If you thought photo manipulation and fake news were modern phenomena, think again.
European monarchs understood the power of portraits and paintings to influence the viewer, manage public sentiment, and build a royal brand. Which is why Mozart ended up as a celebrity guest at wedding celebrations he never attended…
Paintbrush as propaganda tool
(Schönbrunn Palace, Hall of Ceremonies © Schloß Schönbrunn Kultur- und Betriebsges.m.b.H. – Alexander Eugen Kolle)
It’s no surprise to learn that royal portraits could be about as accurate as today’s magazine cover photos.
Painters were obliged to be somewhat flexible in their representations, depending on the aims, schemes (and pride) of their customers. After all, the paintbrush can be mightier than the sword, particularly when it comes to arranging marriages across long distances.
For example, after meeting her fiancé (the future George IV of England) for the first time in 1795, Princess Caroline of Brunswick famously said:
He’s nothing like as handsome as his portrait
To be fair, George wasn’t too impressed either, needing a brandy to recover from the encounter. Needless to say, the marriage did not turn out to be the happiest in European history.
But selective truth in painting went beyond portraits.
In 1760, Empress Maria Theresa’s son and heir, the future Emperor Joseph II, married Isabella of Parma to consolidate the Habsburg empire’s new alliance with the French (Isabella was a granddaughter of Louis XV of France).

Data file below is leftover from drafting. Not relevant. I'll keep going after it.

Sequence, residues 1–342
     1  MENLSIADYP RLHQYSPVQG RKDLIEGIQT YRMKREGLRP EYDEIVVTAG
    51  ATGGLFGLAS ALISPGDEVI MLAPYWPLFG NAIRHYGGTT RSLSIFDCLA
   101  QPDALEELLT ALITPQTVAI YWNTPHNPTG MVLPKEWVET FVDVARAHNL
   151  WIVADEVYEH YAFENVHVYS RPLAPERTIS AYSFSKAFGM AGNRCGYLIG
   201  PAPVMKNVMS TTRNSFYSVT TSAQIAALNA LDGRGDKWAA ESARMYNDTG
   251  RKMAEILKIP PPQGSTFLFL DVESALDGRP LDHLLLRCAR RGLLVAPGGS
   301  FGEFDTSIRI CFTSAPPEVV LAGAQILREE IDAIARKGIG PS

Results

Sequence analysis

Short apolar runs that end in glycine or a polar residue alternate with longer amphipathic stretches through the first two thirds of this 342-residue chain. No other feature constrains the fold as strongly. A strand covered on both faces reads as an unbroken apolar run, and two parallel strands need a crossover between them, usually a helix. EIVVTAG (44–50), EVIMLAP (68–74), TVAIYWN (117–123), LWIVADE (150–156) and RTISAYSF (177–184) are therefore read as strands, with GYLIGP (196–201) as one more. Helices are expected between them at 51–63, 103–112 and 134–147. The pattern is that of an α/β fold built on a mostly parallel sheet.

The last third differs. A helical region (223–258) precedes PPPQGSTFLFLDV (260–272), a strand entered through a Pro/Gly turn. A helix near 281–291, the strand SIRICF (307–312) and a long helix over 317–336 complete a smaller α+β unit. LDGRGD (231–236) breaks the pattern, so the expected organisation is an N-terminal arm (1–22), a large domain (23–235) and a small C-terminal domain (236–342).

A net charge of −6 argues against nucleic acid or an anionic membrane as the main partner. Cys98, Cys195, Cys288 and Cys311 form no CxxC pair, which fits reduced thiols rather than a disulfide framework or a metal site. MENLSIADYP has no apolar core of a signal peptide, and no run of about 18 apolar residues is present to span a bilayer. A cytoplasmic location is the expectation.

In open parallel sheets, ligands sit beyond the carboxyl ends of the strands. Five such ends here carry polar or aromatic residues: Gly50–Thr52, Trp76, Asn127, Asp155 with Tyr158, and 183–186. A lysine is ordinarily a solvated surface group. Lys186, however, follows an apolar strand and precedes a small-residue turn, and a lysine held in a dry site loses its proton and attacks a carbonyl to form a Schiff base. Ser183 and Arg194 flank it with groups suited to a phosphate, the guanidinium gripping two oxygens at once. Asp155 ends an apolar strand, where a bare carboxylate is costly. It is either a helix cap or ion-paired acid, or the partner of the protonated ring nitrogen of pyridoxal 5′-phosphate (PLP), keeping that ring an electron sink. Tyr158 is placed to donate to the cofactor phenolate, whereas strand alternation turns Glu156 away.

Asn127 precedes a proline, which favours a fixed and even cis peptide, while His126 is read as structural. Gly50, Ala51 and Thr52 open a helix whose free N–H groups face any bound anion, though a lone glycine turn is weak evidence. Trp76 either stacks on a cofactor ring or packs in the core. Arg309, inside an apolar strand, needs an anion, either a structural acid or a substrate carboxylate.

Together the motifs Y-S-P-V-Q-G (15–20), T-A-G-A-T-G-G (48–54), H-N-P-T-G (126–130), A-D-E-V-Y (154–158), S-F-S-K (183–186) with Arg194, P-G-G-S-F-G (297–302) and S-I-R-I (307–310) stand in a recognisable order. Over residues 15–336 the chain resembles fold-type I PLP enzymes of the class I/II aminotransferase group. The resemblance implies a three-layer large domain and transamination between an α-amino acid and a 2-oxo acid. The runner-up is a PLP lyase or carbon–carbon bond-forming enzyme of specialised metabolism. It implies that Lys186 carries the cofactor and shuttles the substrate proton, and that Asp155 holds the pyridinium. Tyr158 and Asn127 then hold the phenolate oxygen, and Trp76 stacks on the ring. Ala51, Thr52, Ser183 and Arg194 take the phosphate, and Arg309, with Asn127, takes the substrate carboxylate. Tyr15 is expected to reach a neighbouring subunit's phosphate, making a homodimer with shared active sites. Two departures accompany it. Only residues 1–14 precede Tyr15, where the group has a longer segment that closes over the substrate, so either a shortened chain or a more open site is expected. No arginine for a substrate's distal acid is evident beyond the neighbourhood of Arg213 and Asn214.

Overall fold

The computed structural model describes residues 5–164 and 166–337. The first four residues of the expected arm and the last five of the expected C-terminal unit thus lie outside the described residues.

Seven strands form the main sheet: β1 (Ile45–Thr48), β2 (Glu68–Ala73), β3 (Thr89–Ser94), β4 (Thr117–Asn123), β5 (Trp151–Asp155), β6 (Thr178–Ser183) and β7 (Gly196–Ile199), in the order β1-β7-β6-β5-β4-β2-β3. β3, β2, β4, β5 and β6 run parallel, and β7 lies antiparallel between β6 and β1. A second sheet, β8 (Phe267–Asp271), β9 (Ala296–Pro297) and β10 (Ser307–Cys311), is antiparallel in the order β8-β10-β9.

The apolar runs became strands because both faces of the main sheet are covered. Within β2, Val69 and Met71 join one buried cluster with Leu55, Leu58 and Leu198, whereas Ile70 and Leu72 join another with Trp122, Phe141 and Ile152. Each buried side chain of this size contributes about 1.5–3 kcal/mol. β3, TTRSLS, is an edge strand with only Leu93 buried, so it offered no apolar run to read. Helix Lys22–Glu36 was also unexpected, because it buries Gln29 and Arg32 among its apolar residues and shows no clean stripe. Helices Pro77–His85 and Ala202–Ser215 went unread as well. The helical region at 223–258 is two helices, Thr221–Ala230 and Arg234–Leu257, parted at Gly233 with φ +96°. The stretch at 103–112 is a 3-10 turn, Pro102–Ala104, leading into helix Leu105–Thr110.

Martin van Meytens, the leading court painter of the time, captured the marital celebrations in Vienna on canvas for posterity. You can see four of his huge creations in the Hall of Ceremonies at Schönbrunn on a palace tour.
The paintings include the famous procession of carriages that announced the arrival of European nobility for the grand occasion, the wedding service in the Augustiner Hofkirche, and the wedding feast and musical entertainment in the Hofburg Palace.
These artworks serve as important historical resources, depicting the clothes and buildings of the time in considerable detail. But they’re not entirely accurate.
Look closely and you’ll find a young boy pictured among the guests…none other than the child prodigy, Wolfgang Amadeus Mozart!
Or so (allegedly) the painter would have you believe.
Except it can’t be Mozart.
At the time of the wedding, which was a couple of years before van Meytens completed the paintings, the young Mozart was actually a relatively-unknown four-year-old boy living in Salzburg.
By the time the paintings neared completion, Mozart had achieved considerable fame in Vienna and at court. So much so that historians suspect it was deemed necessary to include him in the audience.
The false Mozart wasn’t the only example where van Meytens was, shall we say, “economical with the truth”.
That giant procession of wedding guest carriages pictured on one canvas certainly took place, but not in an open square as depicted in the painting. Artistic licence essentially removed the buildings that lined the long procession so viewers could better appreciate the splendour of the event.